Latin America and Foreign Direct Investment

I was just going to make this ECLAC report a link in the upcoming LINKS post, but I can’t trust you to click a seventy page pdf can I? There’s some interesting stuff in here, so it wouldn’t hurt to share. Before we go any further, it’s important to know what FDI is. Now that we have that covered, lets get to the meat of this post.

In 2011, US$ 153.448 billion in foreign direct investment (FDI) flowed into Latin America and the Caribbean —31% more than in 2010. It was the second year of growth after the decline triggered by the 2009 financial crisis.


In Latin America and the Caribbean, all of the subregions and most of the countries received more investment than in 2010 (see figure 1). Brazil accounted for most of the increase, reaching US$ 66.66 billion —nearly half the region’s total.

When you’re almost half a region’s total FDI, I think your place in the BRICs is well deserved.

As for the origin of FDI, the Netherlands was the leading investor in the region, basically because it is a conduit for investments from third countries. It is followed by the United States, at 18% of received FDI, Spain (14%) and Japan (8%).

After all the talk of China buddying up and being the developing world’s banker, how interesting is this? Of course, sometimes China makes deals that wouldn’t necessarily count as FDI, but the numbers are still shocking. Makes me wonder what it looks like in Africa.

Over the past decade, the European Union sent an average of US$ 30 billion per year in FDI to Latin America and the Caribbean. At nearly 40% of total FDI in the region, this makes the European Union the leading origin of inward FDI to Latin America and the Caribbean (see figure 4).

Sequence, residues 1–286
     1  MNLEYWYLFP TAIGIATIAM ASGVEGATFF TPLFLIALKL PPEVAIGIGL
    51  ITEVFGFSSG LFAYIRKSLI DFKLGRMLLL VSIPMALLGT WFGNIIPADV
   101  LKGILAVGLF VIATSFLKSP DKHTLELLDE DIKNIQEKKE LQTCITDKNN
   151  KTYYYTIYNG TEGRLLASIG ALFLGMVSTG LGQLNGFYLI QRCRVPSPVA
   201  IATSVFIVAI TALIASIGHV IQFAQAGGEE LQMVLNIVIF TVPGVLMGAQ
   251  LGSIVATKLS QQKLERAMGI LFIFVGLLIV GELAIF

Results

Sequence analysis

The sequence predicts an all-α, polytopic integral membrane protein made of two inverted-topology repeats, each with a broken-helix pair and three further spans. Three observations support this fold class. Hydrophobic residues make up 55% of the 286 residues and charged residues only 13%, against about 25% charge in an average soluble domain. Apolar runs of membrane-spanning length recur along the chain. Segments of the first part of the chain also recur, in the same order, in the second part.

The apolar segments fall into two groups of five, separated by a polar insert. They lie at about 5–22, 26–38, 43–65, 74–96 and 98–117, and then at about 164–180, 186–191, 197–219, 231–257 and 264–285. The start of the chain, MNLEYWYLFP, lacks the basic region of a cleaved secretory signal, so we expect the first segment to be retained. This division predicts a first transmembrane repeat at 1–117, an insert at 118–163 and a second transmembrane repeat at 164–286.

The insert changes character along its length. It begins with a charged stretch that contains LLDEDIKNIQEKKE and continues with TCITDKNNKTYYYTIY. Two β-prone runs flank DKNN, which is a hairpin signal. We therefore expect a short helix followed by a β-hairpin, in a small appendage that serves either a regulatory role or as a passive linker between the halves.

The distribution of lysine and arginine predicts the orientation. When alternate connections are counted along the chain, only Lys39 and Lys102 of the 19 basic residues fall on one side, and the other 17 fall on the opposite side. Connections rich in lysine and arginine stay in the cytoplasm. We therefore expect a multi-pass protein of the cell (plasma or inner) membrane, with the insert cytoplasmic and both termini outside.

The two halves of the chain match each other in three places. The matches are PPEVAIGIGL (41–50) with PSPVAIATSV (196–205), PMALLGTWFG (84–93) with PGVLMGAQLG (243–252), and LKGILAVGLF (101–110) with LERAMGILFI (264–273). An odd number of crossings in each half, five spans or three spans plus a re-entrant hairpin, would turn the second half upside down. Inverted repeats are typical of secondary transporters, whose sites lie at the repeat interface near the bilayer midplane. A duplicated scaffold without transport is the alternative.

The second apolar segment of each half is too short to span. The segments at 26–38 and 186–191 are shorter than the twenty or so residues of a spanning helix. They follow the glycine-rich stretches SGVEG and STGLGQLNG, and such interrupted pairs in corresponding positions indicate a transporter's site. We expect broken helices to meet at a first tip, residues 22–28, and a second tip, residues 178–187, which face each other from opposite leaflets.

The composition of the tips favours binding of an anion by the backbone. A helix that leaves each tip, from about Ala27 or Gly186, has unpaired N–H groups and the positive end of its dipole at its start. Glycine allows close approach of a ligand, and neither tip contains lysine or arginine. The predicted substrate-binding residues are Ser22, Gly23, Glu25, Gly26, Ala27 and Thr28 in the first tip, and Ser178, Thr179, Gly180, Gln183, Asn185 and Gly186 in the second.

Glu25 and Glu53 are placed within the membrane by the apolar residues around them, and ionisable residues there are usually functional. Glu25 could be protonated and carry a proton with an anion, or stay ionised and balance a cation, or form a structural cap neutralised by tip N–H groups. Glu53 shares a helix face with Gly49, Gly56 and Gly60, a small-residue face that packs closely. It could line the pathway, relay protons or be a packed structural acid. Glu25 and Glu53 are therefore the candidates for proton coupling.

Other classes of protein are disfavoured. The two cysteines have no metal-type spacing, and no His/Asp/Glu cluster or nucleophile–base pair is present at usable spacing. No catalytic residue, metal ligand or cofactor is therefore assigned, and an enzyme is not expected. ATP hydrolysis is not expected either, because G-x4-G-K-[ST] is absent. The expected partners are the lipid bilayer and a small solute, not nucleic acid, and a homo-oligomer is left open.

I would assume this is from strong ties to former colonial powers, not going to say if this is a good or bad thing because it’s obviously more complex than that. This is why Spain is so disappointed(outraged) by Argentina’s recent nationalization of YPF.

Operations in Latin America have become essential for these companies’ worldwide business —especially for Spanish companies. With the current situation in Europe, operations in Latin America considerably help parent companies balance their consolidated balance sheets and weather adverse circumstances.

Big-time gulp and collar tug for Spain’s poor ass.

There’s a section on banks I’m not going to touch because it’s basically about how primitive Latin America is as far as banking, which may have been a blessing in disguise.

Companies specializing in renewable and non-conventional energies such as wind and solar power have ventured into the sector in recent years. This is the fastest-growing segment, both worldwide and in the region; while its share of power generation is still marginal (in the area of 1%), in Brazil it now accounts for 10% of all greenfield power generation investment. Wind power has soared in the past two years

Would obviously like to see this pay off.

The uncertainty that has prevailed for nearly five years now has not eased, but the countries of Latin America and the Caribbean have continued to show responsible macroeconomic management and resistance to external turbulence. If sovereign debt problems and drastic fiscal adjustments do not lead to any further worsening of conditions in Europe, and if the robust pattern of growth in China does not diminish,the countries of the region should see no significant deterioration in their current position.It is thus highly likely that FDI flows will remain high in 2012.

Assuming Europe doesn’t completely collapse and fall into what would be an infinitely entertaining dark age, everything should be okay!

At this point(bout pg 28) in the PDF, things start to get more specific, and less share-worthy. If you had a particular country in mind, do yourself the favor and ctrl-f it.


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